He’s not fancy — a little Magic Marker on a bit of terrycloth. Sometimes the B is closest to the hand, sometimes the D.
Earlier this season, Falk was asked after a game for insight on the importance of the name on the wrist band. In standard Falk fashion, which is to say understated, he explained that Brad Barton was a favorite coach back home.
The memory fades as to whether Falk mentioned that Brad passed away a few years ago. Regardless, the media members gathered around were satisfied with the quarterback’s brief response and quickly moved on to the next question.
But as Falk’s allegiance attests, Brad Barton is not a guy you move by quickly.
You see, he was a basketball coach so full of energy, so brimming with inspiration and can-do attitude, his players would run through the proverbial wall for him.
Falk first met him at a basketball camp Barton had put together when Falk was in elementary school, remembers Luke's dad, Mike. Luke was maybe nine-years-old and earned camp MVP honors, which eventually led to a place on the AAU team Barton coached.
“This tells you a lot about Brad,” says the elder Falk. “He was undersized, under-gifted athletically, under talented -- all of those things, yet he found a way to get a college scholarship and then play professionally in Europe.
“He loved the game and came back to Utah to share that passion -- Brad was a true builder. He loved building the confidence of his players. The guy had a spirit -- and a work ethic that I see with Luke.”
As a player, Barton was the gym rat who did all the grunt work coaches love, like playing tough defense, diving for loose balls and supporting teammates. He averaged just 3.01 points per game at Weber State, yet served as the Wildcats’ team captain on the 2002-03 club that advanced to the NCAA Tournament.
“One of the greatest mentors Luke has ever had – a life-influencing presence,” says Luke’s mom, Analee. “Just a real special guy, a tremendous soul.
“Luke considers him as fine a human being as he’ll ever meet. In sports, he says Brad taught him to do the little things you don’t need talent to accomplish – like working hard, giving excellent effort, and being tough mentally and physically. He also encouraged Luke to follow his passion, even if it was football rather than basketball.”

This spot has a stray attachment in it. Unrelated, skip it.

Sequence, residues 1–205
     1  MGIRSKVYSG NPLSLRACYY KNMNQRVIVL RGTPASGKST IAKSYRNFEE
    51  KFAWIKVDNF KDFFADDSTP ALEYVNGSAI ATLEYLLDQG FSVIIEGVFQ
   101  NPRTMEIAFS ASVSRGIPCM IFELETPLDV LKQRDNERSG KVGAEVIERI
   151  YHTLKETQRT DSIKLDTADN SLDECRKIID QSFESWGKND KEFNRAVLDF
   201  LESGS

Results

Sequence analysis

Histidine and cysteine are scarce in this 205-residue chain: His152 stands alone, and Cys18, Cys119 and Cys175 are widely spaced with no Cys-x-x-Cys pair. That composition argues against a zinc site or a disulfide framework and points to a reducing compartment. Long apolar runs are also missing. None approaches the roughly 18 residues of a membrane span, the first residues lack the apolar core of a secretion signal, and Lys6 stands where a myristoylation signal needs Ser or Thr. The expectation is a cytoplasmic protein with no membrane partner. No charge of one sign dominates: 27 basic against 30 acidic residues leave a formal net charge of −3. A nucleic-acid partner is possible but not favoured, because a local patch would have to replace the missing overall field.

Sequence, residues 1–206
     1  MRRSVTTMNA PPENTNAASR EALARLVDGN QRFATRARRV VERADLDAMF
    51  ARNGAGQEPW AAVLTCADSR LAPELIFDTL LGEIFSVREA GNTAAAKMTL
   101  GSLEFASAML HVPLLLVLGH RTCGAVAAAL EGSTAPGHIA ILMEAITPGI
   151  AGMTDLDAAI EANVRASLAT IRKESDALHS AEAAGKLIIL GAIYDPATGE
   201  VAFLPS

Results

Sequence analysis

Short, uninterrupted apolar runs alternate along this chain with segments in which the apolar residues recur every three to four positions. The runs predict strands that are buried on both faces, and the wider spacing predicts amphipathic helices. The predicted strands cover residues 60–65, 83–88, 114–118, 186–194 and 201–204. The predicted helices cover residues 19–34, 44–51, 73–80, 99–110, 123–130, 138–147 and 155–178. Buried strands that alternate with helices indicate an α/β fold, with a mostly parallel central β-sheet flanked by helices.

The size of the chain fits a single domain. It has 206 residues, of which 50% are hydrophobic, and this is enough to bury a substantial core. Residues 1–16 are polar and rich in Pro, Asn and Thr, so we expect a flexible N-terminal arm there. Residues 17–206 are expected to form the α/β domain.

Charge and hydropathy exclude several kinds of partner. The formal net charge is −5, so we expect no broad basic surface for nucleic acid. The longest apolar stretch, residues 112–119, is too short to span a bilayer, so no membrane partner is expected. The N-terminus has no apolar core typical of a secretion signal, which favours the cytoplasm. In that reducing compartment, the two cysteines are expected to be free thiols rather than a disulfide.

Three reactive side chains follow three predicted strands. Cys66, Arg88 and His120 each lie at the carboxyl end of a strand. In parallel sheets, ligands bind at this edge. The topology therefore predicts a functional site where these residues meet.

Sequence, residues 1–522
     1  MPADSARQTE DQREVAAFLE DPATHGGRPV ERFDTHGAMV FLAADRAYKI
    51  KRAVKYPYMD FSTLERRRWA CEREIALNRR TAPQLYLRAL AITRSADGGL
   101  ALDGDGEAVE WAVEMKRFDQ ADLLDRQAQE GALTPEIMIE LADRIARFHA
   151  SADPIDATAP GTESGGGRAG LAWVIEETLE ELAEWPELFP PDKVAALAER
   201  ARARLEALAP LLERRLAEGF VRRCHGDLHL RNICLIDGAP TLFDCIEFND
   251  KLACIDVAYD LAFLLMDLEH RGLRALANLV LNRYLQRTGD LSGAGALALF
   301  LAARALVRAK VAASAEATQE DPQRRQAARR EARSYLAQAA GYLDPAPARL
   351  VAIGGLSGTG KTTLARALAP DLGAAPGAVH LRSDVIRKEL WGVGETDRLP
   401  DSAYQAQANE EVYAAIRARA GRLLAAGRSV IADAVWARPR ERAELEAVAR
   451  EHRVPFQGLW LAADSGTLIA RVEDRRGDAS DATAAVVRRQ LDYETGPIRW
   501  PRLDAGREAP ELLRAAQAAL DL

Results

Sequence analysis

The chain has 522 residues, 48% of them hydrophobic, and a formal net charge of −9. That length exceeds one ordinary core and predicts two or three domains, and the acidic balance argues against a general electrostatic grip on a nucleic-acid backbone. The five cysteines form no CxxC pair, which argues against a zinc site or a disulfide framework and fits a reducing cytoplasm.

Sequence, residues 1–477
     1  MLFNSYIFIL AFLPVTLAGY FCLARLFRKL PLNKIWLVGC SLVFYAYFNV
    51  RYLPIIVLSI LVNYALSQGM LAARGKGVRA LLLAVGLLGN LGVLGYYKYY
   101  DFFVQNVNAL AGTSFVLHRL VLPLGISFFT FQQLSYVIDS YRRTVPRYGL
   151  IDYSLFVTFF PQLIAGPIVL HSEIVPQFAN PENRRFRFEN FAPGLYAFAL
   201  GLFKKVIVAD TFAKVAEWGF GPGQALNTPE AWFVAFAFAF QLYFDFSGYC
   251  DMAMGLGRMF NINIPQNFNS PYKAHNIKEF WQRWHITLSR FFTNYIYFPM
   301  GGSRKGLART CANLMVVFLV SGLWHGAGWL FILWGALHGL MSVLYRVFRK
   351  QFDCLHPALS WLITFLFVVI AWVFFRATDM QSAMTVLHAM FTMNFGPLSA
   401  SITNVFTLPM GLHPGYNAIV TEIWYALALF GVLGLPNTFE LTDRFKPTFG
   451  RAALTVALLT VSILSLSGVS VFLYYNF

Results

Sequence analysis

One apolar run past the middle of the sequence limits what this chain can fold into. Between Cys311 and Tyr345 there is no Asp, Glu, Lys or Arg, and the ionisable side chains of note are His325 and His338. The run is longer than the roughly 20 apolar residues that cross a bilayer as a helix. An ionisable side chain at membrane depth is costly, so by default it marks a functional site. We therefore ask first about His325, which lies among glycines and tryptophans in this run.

ON OCTOBER 4, 2011, THE DAY AFTER Falk learned he was ineligible to play his junior season of football due to an ill-fated family move to California and back to Utah, Barton didn’t show up at the office.
“Coach Brad,” as most people called him, had risen from a high school and AAU coach to the head job at Utah State University-Eastern. He was entering his fourth season at the junior college and third as head coach.
He sent the team to the weight room and headed to Barton’s house. A type-1 diabetic, Barton had suffered from seizures in the past and Edelstein thought perhaps Barton was just laying low for a few minutes recovering from one.
"... I found him lying in the bathroom," Edelstein told Parrish. "I called 911 right away. But, you know, it was pretty obvious."
Brad Barton was 31 years old. He had been taken by a diabetic seizure.
“It was just devastating news,” remembers Analee Falk.
“My dad had diabetes so I could really relate to Brad. He once told me he knew he wasn’t going to live to be an old man and that influenced how he lived his life. Every day was a gift, he packed a lifetime into his 31 years.”
BARTON’S DEATH COMPOUNDED MATTERS for Luke, who thought he was returning to normalcy in Utah after the California foray, she said. Now one of the cornerstones of his young athletic career -- of life generally -- was suddenly gone. At age 31.
It didn’t compute. Not for Falk, not for Edelstein, not for anyone who knew Barton.
“God is testing me,” Analee remembers Luke telling her.
The saving grace, she says, is that while Luke was ruled ineligible to play football that season, he was cleared for basketball and poured himself into it.
That’s when the game-day salutes to Barton began.
“Luke wrote ‘Brad’ on his basketball socks. He did it as a junior and senior and then in football as a senior. When he got to Washington State he put Brad’s name on the towel he tucked in his uniform, with John 15:13 (Greater love has no one than this: to lay down one's life for one's friends) written on the back. That was Brad’s favorite quote from scripture.”
The towel gave way to the wrist band 21 games ago. Now, 12 starts and 5,595 yards later, Brad Barton is at the center of one of the most compelling resurrection stories in college football.
Once in a great while a coach comes along that not only wins, but also inspires his players and those around him.
That’s how the Eastern Utah student newspaper began its story about Barton’s death.
The toughest, most competitive, comedic, loyal, thoughtful, passionate and compassionate friend to all. Gratitude and optimism were his core, knowledge and wit were at his fingertips, and he was the life of every party.
That was a passage in the obituary on Barton that ran in the Deseret News in Salt Lake City.
He had no wife or kids, but he built a large extended family through his daily focus on others. The outpouring of love and admiration for him was -- and is -- so complete that Eastern Utah students held a vigil on the first anniversary of his death.
Of course, the salute to this promising young man taken too soon doesn’t end there.
Every Saturday, if you look closely at the nation’s leading passer just before he lets fly, you’ll catch a glimpse of Brad Barton right next to Luke Falk’s heart.
FALK FIRES BEHIND THE PROTECTION OF COLE MADISON.